When Grant Morrison revamped the Justice League of America, with 1996's JLA series, he brought back, for the most part, the archetypical Justice League team, the team whose inception, in 1960, was one of the founding points of the Silver Age of comics. For those who have read the original, 1960's era Justice League stories, two things are clear: first, that the story writing and characterization are primitive and artificial by modern standards; and second that there is something archetypically attractive about both the characters and the adventures they embark upon.
Grant Morrison's comic writing is cutting edge, to say the least, and yet when dealing with the JLA, he brought back some of comic's oldest, most loved, and traditional characters. And he made them sing. What was the secret behind this? Given Morrison's professed background in chaos magick, and his obvious knowledge of storytelling archetypes, I think he brought back the Justice League not only for reasons of nostalgia, but because they have a specific dynamic among the members that goes back to the system of the Sephiroth.
Shoehorning various groups of people or symbols into the Tree of Life has been a popular and not totally fruitful occupation for quite some time. For one thing, in both the traditional qaballistic literature, as well as in the expansions made by later occultists, there were so many different symbols used, that almost everything could be associated with anything else. That being said, the following guide is still of some interest:
- Batman: The Batman was the character that first made me think about this, because he has such a clear association with Gevurah, judgement. Gevurah is the Sephira that reflects God's element of justice, a justice that can be hard, unyielding, and unmerciful.
- The Martian Manhunter: The Martian Manhunter is interesting because despite the important role he plays in the JLA, and in DC continutity in general, he hasn't had the success in other media that many DC characters have had. People who have never picked up a comic know who Superman and Batman are, but only comic fans know who the Martian Manhunter is. However, within the comic, he plays an important role. John Jones, the Martian Manhunter, is the counterpart to Batman. He is Chesed, mercy. The most obvious feature of this is the fact that he is the empath of the team, whose psychic sensitivity binds the team together. He is also a shape changer, with a fluid nature almost like water, and with a pathological fear of fire, a fear that could be connected to his Vulcan like control over his emotions.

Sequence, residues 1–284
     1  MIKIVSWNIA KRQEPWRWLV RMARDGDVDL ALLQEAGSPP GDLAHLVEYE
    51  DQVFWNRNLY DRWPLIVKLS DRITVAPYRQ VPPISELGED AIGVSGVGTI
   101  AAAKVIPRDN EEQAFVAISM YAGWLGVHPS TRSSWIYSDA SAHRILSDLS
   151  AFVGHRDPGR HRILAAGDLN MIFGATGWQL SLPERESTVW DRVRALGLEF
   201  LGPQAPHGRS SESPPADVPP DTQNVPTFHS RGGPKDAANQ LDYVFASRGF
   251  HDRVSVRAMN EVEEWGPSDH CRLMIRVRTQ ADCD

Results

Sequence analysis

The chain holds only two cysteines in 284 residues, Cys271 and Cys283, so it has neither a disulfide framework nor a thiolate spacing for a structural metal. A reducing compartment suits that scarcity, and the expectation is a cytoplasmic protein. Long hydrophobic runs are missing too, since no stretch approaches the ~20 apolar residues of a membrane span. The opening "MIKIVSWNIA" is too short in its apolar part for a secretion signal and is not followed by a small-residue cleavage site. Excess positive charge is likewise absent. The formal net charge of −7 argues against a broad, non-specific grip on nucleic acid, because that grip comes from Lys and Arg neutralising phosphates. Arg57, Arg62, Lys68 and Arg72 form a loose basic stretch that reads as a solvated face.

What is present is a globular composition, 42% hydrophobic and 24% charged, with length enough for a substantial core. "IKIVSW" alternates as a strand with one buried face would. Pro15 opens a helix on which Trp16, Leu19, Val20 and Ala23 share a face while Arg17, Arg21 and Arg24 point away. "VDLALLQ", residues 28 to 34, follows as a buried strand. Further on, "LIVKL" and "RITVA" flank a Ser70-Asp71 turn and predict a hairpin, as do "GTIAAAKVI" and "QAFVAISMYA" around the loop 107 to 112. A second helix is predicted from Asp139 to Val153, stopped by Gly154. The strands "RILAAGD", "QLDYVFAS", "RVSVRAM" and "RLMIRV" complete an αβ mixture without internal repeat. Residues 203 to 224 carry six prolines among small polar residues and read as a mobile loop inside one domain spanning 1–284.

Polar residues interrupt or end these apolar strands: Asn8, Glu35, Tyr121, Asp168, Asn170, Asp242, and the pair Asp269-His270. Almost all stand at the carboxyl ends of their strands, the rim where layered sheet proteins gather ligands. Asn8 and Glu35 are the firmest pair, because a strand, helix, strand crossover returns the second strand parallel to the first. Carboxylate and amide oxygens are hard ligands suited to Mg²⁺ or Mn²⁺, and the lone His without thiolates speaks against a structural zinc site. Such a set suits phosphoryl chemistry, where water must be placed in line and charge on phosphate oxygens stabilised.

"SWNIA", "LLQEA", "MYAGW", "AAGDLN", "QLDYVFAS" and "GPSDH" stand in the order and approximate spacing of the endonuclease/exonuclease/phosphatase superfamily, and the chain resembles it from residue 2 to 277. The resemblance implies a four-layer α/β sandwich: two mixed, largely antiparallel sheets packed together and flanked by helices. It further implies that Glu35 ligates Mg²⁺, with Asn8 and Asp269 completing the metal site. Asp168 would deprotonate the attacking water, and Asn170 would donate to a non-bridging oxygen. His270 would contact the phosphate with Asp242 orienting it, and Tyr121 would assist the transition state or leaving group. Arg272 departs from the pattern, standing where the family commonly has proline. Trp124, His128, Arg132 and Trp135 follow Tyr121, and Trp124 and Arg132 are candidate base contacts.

- Superman: DC's premiere character probably represents Tifareth, which means "balance". It might seem that he would represent the highest Sefira, Kether, but there is a more obvious candidate for that later. Superman's connection to the concept of balance comes from the fact that he is the central member of the Justice League, the person who ties them all together with his fair personality.
- Wonder Woman: The Sefira Malkuth is represented by a Princess in exile. A Princess that, despite her exile, is meant to teach and guide people. This one is obvious.
- Green Lantern: The highest Sefira, Kether, is also referred to as Ratzon, Will. The belief is, that through a process of Will, nothingness is shaped and formed into various shapes that eventually permeate down into material existence. The connection between this and the mechanisms by which the various Green Lantern's work is easy to intuit.
- The Flash: To me, the Flash's obvious archetypical connection is with the god Mercury. Both of the Flash's were created in an accident where they were bathed in a mixture of chemicals (obviously alchemical) by a bolt of lightening (also alchemical), and then turned into someone capable of great speed, like the God Mercury, or Hermes, the patron god of alchemy. In Qaballistic terms, this may equate to the "hidden" Sefira Daath, symbolizing knowledge. Daath is also considered to be the structure that reflects the other Sefira themselves. Since the entire process of the structure is symbolized as lightening, the connection to Daath becomes clearer, or as clear as everyhing can be in these symbol laden waters.
In this list, I have left some of the Sephiroth, and some of the members of the Justice League off. Many alternative comparisons could be raised and discussed. Much discussion could also be made of the fact that many of these characters were invented by people of a Jewish background. However, I don't know if there is any direct link, or if this is just a process of my over active imagination. I do think, however, that no matter what particular set of symbols you wish to analyze the Justice League of America through, it has to be admitted that their popularity, over the course of fifty years, is due to some sort of archetypical appeal.